José van Dam
World-renowned in concert, opera and recital, José van Dam is one of today’s most honored interpreters of the bass-baritone repertoire. He has been heard in the music capitals of Europe, the Americas and Japan, singing at opera houses and concert halls under the world’s premier conductors.
In recent seasons, Mr. van Dam has sung celebratory performances of Don Quichotte at La Monnaie in Brussels as well as recitals and concerts in Paris and Brussels. He sang the title role in Simon Boccanegra with James Levine and the Boston Symphony, as well as a recital and La Damnation de Faust with the Boston Symphony and James Levine at Tanglewood, in Boston, at Carnegie Hall, and a tour with performances in Lucerne, Essen, Paris and London; the Berlioz Romeo et Juliette with Lorin Maazel at Orchestra dell’Accademia Nazionale di Santa Cecilia in Rome; the Verdi Requiem with Daniele Gatti in Liège; Fra Melitone in La forza del destino in Brussels; Germont in La Traviata, the Father in Charpenter’s Louise, Prokofiev’s The Love For Three Oranges, and the Speaker in Die Zauberflöte, all at the Paris Opera; the title role in staged performances of Elijah at the Teatro Communale di Firenze and at the Saito Kinen Festival with Seiji Ozawa; the title role of Boris Godunov and Germont in La Traviata at La Monnaie in Brussels; Janacek’s From The House of the Dead at the Teatro Real in Madrid; Claudius in Hamlet at the Grand Theatre de Geneve; recitals in Bucharest, Frankfurt, Madrid, Peralada, and Vienna and concert appearances at the Concertgebouw, the Verbier Festival and elsewhere.
Born in Brussels, José van Dam entered the Brussels Conservatory at age 17, graduating a year later with first prizes in voice and opera performance. Within a few years he had won four prizes in competitions, including the Bel Canto Competition in Liège; Concours “Ecole des Vedettes” in Paris; Concours de la Chanson in Toulouse; and the International Music Competition in Geneva. He made his operatic debut in Liège as Don Basilio in Rossini’s The Barber of Seville and subsequently performed the role of Escamillo in Bizet’s Carmen at La Scala, Paris Opera, and Covent Garden. Conductor Lorin Maazel asked Mr. van Dam to record Ravel’s L’Heure Espagnole for Deutsche Grammophon, subsequently inviting him to join the Deutsche Oper in Berlin where he sang his first leading roles.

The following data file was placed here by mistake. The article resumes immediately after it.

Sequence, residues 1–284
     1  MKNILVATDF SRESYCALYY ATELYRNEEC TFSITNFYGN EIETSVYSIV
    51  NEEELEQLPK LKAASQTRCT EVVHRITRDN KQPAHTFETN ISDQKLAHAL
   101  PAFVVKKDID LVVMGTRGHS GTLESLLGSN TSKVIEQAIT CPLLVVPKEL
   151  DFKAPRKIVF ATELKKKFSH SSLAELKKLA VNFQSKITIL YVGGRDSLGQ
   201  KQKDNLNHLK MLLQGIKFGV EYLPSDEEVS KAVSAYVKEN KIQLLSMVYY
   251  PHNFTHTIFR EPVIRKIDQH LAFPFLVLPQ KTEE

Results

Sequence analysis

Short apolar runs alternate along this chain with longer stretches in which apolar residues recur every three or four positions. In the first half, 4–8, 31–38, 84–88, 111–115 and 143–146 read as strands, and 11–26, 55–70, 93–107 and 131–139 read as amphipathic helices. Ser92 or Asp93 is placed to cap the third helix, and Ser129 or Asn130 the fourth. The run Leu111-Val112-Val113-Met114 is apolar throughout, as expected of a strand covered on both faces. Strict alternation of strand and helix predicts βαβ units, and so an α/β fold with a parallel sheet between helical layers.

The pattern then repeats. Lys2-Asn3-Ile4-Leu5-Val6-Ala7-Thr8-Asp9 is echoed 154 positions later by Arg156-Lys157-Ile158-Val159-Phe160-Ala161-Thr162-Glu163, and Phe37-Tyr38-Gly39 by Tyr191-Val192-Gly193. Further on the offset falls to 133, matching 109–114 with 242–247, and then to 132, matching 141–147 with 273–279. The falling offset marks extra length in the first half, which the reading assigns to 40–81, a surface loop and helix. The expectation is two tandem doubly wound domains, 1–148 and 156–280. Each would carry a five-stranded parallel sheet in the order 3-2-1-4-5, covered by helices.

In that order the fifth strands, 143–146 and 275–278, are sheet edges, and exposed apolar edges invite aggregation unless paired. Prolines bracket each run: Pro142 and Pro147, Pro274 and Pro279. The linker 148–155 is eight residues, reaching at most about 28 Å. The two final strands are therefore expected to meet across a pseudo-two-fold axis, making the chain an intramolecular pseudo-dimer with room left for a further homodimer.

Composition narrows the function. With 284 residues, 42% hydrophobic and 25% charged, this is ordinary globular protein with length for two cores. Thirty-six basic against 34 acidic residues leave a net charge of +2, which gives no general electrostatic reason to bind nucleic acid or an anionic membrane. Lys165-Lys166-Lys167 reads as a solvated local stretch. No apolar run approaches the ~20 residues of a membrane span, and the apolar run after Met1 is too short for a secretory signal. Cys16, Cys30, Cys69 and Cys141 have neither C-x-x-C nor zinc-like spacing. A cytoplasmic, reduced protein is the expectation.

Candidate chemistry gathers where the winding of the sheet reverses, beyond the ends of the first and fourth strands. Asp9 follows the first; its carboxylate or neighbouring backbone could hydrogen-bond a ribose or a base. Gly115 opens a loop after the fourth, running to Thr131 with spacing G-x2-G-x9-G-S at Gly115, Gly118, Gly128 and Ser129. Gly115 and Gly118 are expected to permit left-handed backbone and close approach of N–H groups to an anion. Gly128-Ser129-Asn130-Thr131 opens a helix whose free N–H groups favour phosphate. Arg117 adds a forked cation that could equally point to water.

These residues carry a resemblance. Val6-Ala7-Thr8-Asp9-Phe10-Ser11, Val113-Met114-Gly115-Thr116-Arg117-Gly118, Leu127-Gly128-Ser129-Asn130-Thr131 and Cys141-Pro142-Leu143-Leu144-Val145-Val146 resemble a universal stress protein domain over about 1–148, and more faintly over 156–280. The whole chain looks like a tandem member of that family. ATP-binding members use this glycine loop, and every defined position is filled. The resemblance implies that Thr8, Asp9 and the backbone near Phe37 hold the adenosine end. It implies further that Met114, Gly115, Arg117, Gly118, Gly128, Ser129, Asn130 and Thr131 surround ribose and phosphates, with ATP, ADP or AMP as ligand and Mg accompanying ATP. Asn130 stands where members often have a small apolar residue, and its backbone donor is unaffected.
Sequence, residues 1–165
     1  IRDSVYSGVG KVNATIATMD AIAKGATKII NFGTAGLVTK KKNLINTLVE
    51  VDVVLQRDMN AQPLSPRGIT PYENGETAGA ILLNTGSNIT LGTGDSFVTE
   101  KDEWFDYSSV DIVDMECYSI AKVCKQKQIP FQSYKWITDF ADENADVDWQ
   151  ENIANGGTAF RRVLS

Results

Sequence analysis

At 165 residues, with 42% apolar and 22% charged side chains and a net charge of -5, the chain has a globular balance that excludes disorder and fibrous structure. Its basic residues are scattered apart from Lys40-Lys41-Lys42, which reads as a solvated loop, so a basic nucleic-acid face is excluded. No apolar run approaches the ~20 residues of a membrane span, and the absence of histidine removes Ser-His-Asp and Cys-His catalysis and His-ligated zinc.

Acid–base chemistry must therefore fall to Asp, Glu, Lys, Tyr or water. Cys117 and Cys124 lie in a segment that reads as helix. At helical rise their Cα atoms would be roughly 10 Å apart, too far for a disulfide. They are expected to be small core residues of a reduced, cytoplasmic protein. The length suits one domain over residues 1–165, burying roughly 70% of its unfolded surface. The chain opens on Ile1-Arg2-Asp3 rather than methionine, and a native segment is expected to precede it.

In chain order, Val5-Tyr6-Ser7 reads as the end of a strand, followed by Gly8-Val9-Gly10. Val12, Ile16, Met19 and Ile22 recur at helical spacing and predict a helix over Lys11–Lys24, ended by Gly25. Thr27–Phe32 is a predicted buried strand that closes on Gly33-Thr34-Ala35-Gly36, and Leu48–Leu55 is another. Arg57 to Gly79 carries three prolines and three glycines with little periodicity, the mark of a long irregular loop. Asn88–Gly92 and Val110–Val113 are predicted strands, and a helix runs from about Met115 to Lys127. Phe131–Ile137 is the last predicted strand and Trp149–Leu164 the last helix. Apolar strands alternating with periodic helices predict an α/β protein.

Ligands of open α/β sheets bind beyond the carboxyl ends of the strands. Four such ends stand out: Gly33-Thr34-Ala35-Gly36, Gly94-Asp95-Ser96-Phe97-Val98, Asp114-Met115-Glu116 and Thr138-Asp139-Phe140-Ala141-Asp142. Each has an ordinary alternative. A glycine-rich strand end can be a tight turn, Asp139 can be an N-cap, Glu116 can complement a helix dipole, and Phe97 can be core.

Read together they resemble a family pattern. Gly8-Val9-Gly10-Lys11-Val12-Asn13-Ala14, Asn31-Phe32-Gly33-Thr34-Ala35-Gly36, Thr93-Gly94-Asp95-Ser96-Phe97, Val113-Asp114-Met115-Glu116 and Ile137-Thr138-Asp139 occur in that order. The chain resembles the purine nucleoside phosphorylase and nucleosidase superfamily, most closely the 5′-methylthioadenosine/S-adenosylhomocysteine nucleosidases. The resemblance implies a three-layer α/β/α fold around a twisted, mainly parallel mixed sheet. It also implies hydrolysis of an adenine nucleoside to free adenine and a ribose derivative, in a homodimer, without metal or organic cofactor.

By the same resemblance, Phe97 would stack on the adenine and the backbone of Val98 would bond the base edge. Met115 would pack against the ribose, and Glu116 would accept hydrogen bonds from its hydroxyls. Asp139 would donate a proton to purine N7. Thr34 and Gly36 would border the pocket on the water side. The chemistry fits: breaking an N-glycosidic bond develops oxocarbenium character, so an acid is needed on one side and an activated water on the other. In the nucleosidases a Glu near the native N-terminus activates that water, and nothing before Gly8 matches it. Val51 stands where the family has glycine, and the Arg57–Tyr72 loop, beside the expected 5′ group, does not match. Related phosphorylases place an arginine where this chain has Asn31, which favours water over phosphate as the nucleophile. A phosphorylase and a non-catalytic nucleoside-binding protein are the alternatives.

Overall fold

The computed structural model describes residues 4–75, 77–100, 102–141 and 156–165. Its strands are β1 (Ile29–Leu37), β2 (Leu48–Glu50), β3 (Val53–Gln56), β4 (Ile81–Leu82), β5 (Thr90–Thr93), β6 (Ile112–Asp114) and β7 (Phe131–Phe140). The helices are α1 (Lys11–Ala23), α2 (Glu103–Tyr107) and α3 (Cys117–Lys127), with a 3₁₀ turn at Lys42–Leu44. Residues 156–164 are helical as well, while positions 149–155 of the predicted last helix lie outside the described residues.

The art of José van Dam can be heard on an extensive discography. Among his award-winning recordings are Gounod’s Faust, Enescu’s Oedipe, Massenet’s Don Quichotte, and Pelléas et Mélisande with Claudio Abbado for Deutsche Grammophon. He can be heard as Figaro in The Marriage of Figaro, in Carmen and Die Meistersinger conducted by Sir Georg Solti, Berlioz’ Romeo et Juliette with the Boston Symphony led by Seiji Ozawa, and Simon Boccanegra with Claudio Abbado and the Orchestra of La Scala. Other releases include Mozart’s Così fan tutte and Strauss’ Salome with the Vienna Philharmonic, and many recordings with Herbert von Karajan and the Berlin Philharmonic including Beethoven’s Fidelio and Ninth Symphony, the Brahms German Requiem, Bruckner’s Te Deum, Mozart’s Requiem and Coronation Mass, Debussy’s Pelléas et Mélisande, and Wagner’s Parsifal. He is a two-time Grammy Award winner, in 1985 for his recording of Ravel songs with Pierre Boulez conducting the BBC Symphony Orchestra, and in 1992, Best Opera Recording for Richard Strauss’ Die Frau ohne Schatten.
Mr. van Dam has been honored in many countries around the world. His Majesty Albert II of Belgium named him a Baron, and the city of Berlin awarded him the title of “Kammersänger.” For his many extraordinary interpretations in recordings and on stage, he has received the German Music Critics’ Prize, Gold Medal of the Belgian Press, Grand Prix de l’Académie Française du Disque, the Orphée d’Or of the Académie Lyrique Française in 1980 and 1994, the European Critics’ Prize for St. Francois d’Assise, and France’s Diapason d’Or and Prix de la Nouvelle Académie du Disque. He was featured in the motion pictures The Music Teacher and Don Giovanni, conducted by Lorin Maazel, and his recording of Schubert’sWinterreise has been released by Disques Forlane.
“Voice and technique are for him the tools of the trade; they are what liberate him to do anything he wants to do. In every song he finds a point of intersection with his own life and experience, but he does not sing songs of himself. Instead, he enters so completely into the poet’s word, the musician’s note, that he himself virtually disappears. He stands there, hands folded, as the message pours through him.”